Disney CEO: It’s a Balancing Act Between Direct-to-Consumer and Linear TV

As the launch of Disney+ moves the company into the streaming space, consumers and industry analysts are curious as to measures being taken to ensure that Disney’s linear channels—ABC, Nat Geo, Freeform, FX, etc.—still get substantial programming that still caters to their non-streaming consumers.

In an earnings conference call yesterday, CEO Bob Iger assured everyone that all measures are being taken to make sure that the linear channels continue to churn out adequate, quality programming. “We’re negotiating with a number of MVPDs right now to extend our linear TV channels.These remain important deals and businesses to us. It is important to us to continue to fuel those channels with enough quality, enough original programming to support the businesses as they exist today,” he said.

According to Iger, Disney has to perform a balancing act in order for both their streaming service and traditional linear TV service to flourish. They have to set up their strategy in such a way that should, the demand on Disney+ overcome that of traditional TV to the point that it is no longer as profitable as it has been in the past, they can still move content online.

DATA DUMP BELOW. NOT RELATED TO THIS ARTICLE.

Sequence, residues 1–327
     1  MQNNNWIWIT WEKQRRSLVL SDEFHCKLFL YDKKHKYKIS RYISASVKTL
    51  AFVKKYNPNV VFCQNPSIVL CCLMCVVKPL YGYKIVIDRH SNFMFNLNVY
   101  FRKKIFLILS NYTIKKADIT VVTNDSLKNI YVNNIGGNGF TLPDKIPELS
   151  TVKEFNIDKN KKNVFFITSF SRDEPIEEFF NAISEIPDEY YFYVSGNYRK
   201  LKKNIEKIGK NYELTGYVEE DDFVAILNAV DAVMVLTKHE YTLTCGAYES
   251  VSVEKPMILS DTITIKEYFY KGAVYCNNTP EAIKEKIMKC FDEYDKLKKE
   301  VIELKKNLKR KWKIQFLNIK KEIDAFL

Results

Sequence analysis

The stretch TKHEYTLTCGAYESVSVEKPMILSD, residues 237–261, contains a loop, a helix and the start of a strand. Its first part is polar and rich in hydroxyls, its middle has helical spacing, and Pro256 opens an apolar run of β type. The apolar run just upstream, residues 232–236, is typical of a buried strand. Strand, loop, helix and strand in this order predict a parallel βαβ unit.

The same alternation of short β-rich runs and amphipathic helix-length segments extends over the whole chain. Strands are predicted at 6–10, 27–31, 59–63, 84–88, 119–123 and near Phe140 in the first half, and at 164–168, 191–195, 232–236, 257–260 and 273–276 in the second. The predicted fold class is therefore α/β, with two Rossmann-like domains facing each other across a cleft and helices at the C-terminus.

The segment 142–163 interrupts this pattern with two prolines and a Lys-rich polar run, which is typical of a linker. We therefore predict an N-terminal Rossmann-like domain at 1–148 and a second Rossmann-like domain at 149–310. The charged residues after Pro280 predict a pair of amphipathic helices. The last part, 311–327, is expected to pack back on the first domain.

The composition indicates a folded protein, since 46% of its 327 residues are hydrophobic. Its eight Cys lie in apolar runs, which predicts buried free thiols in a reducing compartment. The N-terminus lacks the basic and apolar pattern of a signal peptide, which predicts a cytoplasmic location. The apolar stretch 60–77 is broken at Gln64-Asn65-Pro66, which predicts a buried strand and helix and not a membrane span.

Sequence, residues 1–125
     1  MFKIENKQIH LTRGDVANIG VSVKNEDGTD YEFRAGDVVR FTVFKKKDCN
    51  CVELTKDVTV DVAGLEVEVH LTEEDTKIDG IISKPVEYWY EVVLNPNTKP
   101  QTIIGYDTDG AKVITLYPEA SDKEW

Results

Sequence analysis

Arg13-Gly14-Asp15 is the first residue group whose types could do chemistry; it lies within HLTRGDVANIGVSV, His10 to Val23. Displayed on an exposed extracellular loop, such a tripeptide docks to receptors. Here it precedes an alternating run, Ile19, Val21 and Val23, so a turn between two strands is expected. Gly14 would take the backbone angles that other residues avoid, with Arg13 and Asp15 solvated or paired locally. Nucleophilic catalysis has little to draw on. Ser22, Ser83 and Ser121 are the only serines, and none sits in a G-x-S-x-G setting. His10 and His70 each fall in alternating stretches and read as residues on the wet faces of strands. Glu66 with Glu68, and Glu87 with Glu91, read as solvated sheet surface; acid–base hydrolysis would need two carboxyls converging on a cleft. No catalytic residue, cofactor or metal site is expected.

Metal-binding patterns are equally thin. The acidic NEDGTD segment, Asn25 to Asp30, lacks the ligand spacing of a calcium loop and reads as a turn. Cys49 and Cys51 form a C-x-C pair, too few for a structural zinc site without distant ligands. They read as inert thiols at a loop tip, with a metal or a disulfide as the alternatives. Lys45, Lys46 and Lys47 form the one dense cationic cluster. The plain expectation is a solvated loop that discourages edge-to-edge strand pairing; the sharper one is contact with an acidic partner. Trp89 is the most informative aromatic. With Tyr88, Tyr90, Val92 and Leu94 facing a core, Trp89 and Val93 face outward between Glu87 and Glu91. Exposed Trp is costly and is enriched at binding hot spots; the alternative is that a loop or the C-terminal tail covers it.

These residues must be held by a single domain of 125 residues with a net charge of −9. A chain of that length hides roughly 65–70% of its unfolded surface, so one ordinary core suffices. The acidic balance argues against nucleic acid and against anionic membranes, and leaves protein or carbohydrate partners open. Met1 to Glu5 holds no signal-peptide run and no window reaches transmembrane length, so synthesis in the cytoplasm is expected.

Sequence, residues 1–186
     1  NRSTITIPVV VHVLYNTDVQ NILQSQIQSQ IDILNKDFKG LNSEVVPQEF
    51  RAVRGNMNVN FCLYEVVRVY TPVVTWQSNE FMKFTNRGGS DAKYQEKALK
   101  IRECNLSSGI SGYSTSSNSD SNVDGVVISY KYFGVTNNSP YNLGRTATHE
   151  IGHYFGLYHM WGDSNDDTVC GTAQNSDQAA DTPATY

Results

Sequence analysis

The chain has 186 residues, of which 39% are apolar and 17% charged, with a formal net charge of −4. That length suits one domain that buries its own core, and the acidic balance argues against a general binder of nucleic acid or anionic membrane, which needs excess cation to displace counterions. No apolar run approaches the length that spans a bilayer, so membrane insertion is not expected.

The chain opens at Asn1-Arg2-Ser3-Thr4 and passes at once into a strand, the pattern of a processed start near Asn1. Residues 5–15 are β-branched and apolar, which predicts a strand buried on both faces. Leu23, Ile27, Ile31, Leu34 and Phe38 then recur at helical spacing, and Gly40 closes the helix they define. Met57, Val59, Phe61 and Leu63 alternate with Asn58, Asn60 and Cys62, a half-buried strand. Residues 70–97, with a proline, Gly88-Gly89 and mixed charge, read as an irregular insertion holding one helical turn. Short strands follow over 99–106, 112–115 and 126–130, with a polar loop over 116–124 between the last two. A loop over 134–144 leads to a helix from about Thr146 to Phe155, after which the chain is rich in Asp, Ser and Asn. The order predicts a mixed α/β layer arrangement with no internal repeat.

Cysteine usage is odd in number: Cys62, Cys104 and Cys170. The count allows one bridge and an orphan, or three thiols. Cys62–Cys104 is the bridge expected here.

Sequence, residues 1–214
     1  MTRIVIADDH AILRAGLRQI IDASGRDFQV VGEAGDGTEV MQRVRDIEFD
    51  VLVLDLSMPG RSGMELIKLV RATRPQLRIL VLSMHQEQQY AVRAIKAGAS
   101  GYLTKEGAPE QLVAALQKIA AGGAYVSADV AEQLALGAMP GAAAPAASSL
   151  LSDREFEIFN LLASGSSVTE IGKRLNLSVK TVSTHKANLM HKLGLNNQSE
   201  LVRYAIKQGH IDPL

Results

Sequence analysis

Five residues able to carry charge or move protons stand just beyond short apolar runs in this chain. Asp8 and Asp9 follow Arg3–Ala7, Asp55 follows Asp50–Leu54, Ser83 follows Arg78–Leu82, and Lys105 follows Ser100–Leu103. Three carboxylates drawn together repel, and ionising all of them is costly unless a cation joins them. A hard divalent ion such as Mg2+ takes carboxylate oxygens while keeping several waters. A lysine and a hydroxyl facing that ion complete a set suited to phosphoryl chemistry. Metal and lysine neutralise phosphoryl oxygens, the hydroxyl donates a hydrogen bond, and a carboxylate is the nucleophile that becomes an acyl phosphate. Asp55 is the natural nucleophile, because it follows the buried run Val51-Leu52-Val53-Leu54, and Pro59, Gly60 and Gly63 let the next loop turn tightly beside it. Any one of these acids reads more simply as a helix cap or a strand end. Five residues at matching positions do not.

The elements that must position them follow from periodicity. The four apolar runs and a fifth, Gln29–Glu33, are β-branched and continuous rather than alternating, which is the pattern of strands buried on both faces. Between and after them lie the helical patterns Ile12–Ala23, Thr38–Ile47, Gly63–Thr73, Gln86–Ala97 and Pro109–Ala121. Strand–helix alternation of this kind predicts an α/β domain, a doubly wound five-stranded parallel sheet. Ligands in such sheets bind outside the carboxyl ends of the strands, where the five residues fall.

“[Our] pivot to the direct-to-consumer business is designed to not only address the opportunity that exists in that space, but to address the challenge that exists on the traditional side of the business. This means we have our own balancing act to do, in terms of fueling both sides with enough quality product to succeed in both places,” Iger stated. “What we are also doing is setting ourselves up in a way that we can be resilient should the traditional side errode so significantly that it’s not as viable as it has been. That would enable us to pivot pretty quickly by moving even more product from the traditional channels to the non-traditional channels.”

Disney+ will launch on November 12th and will offer customers a bundle of all their direct-to-consumer services. The bundle, which will cost $12.99 a month, will include Disney+ ($6.99), Hulu ($5.99) (ad-supported plan), and ESPN+ ($4.99) — is $5 less than if subscribed to separately. With the new bundle, you can get the three services for less than Netflix.

The company is currently in discussions to potentially strike distribution deals for Disney+ with Apple, Amazon and Google.